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16 Sep 2004

North Ayrshire Council’s collaboration with artist Bruce McLean at Lawthorn Primary School generated considerable interest. Now the council is taking the approach a
step further at Dalry.

North Ayrshire Council builds one primary school a year from its capital programme. Since 1998, a team led by the artist Bruce McLean has been working closely with the council’s architects to design these schools – not to “decorate” them with some artwork such as a mural or sculpture, but to work at a conceptual level to fundamentally re-think what a school should be. As the collaboration has progressed, the ideas, and the resulting designs, have become more radical.
Born in Glasgow, McLean has an international reputation as a painter and is Professor of Fine Art at University College London. He is perhaps best known to architects for his collaborative work with Will Alsop. His ideas on education and school design originated from studies he did with his son, Will, who trained as an architect, and the writer and educator Mel Gooding. In 1998, McLean’s team was invited by North Ayrshire to propose a model for an experimental primary school, with support from the Scottish Arts Council Lottery Fund.
The design is based on the concept of what McLean terms “imbedded intelligence”. Ideas, concepts and data should be projected through the fabric of the school building – enabling the children to learn as much from the school itself as from their teachers. Routes would tell stories, layout would suggest systems of measurement, and specific spatial relationships would inform the children about their local and global environment. Facts, figures, phrases and fables would be incorporated into the structure with local historical text and information.
Behind this development lies a long process of careful research and consultation with a range of experts, from design and educational professionals to the children themselves. Extended workshops used drama, visual arts, film and discussion to explore how children use space, what their ideal school would look like and how it would work – ideas that have been incorporated into the new school design.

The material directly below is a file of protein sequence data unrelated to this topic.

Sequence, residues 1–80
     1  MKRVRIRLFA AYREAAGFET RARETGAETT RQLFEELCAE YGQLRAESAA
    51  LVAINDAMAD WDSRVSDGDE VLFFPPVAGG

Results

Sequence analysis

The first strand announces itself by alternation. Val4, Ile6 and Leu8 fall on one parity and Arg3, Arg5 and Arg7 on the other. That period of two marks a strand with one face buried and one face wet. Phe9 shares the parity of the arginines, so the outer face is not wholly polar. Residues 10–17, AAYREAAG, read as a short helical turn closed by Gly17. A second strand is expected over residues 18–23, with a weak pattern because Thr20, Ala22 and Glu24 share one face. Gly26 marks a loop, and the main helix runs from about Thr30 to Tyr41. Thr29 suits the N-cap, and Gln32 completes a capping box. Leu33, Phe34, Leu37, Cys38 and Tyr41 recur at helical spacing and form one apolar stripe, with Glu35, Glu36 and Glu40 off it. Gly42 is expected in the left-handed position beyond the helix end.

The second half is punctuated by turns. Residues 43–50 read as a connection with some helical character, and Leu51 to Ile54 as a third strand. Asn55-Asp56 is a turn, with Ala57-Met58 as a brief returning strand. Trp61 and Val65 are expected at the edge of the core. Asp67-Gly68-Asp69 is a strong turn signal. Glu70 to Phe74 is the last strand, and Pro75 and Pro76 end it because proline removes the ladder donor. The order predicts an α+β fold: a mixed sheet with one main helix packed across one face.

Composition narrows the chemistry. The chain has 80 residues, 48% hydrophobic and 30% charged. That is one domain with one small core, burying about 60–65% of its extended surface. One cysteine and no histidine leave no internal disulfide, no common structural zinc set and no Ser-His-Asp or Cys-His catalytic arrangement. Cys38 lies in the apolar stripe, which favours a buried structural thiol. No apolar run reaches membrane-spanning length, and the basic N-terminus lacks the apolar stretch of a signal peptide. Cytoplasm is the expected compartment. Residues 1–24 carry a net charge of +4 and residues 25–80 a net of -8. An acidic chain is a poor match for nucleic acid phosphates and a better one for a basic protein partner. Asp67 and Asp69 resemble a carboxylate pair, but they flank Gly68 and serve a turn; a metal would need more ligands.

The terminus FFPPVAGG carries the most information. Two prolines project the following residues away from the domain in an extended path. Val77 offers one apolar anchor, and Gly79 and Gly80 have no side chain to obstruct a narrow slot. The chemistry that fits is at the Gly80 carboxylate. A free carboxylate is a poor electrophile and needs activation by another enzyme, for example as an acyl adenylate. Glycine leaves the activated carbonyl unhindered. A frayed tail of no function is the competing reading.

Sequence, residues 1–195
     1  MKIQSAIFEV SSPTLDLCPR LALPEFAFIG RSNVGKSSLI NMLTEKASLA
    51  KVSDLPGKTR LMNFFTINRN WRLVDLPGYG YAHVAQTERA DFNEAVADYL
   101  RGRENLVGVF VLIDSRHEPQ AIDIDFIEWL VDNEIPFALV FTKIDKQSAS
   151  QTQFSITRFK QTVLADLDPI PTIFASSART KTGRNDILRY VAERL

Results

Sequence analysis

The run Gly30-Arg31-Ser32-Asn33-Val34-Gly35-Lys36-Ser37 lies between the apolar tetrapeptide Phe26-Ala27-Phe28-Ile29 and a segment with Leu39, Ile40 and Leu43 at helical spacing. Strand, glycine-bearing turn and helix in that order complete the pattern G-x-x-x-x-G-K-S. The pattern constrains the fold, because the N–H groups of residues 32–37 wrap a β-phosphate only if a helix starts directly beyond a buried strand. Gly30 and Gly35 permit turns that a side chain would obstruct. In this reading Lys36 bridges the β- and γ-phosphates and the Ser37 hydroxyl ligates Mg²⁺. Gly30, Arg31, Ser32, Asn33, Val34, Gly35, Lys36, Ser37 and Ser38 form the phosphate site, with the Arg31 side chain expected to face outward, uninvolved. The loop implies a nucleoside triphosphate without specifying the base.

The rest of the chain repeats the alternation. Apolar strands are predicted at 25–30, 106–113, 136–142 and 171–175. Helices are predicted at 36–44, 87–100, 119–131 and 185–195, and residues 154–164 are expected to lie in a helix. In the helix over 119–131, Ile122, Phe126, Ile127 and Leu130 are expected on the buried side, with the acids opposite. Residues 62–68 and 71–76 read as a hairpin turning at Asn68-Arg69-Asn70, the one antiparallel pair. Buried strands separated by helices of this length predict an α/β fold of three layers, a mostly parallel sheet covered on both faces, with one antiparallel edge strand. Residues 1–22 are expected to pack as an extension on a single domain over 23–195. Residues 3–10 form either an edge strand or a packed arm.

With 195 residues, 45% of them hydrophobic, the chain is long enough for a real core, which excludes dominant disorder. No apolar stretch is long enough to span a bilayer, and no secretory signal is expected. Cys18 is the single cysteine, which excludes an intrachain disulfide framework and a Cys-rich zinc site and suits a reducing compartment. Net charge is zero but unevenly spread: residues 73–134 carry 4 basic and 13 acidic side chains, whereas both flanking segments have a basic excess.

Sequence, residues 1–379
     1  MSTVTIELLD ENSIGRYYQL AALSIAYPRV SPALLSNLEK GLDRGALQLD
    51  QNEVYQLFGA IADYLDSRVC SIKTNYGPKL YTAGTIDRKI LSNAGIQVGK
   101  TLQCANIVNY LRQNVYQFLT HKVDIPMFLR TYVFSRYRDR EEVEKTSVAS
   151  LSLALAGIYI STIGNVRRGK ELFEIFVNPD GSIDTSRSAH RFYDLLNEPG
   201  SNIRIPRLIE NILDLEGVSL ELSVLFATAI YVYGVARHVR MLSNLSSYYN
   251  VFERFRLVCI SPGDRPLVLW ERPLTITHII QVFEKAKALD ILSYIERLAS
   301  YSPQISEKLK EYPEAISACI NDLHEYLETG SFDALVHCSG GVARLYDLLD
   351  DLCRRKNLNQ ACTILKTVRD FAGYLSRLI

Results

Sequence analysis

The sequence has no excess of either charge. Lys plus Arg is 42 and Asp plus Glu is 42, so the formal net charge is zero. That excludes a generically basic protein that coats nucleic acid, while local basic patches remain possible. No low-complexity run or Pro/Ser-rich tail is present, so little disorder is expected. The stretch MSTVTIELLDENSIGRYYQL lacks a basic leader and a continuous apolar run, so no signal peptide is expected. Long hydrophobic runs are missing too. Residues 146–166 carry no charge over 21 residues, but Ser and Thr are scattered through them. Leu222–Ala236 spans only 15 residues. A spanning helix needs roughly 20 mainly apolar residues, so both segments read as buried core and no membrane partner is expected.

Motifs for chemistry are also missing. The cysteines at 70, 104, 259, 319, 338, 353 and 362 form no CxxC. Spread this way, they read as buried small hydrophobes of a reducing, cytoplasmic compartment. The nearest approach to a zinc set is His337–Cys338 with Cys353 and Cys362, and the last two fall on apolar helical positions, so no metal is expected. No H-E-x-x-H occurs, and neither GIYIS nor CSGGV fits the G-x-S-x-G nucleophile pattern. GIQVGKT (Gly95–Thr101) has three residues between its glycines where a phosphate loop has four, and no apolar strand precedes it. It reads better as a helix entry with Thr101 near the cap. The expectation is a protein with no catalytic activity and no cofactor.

These workshops are stimulated by the creative approach of McLean and his colleagues. Bruce McLean thinks and communicates through drawings and collages, Gooding in words and wordplay. They draw on association and chance as well as logical argument. It is clear that the freedom this engenders has opened up new concepts outside the normal run of architect/educator discourse.
The idea of “imbedded intelligence” was first realised at Lawthorn Primary School (completed in 2001). Designs for the school were presented in 2000 at a seminar in Edinburgh, during an exhibition of Bruce McLean’s work at the Talbot Rice Gallery. The team’s involvement at Lawthorn came at a late stage and was confined to the design of the exterior of the north wall. Christened “Wonderwall” or “the school as a rule”, it was designed as a dynamic learning feature, expressing and celebrating the functions of the rooms behind the wall. The kitchen wall shows the activities and aesthetic of cooking – texts and images of recipes and ingredients drawn on glazed bricks. Similarly, the medical room is denoted by anatomical drawings and texts and the boiler house is fully glazed to exhibit the workings of the machinery. The whole length of the north wall is calibrated in metres and centimetres like a giant ruler, giving children a sense of distance and size, and the texts and drawings extend out onto the adjacent ground surface.
McLean’s involvement at Dalry Primary has been much more fundamental. He has been an integral part of the design team from the beginning. Dalry is a two-form-entry primary school incorporating facilities to be used by the local community. The 14 class bases (or “houses” as they have been called) are placed along the indented south elevation, the large volumes of kitchen, dining hall and gymnasium-cum-theatre to the north, entrance, side. A central spine of service rooms links these two blocks. Each seven-metre-square class “house” will have individual characteristics derived from aspects of imbedded intelligence – 14 different window designs with magnifying lenses, calibrations, colours, inscribed texts – and 14 sets of wall surfaces differing in their acoustic, visual and tactile qualities.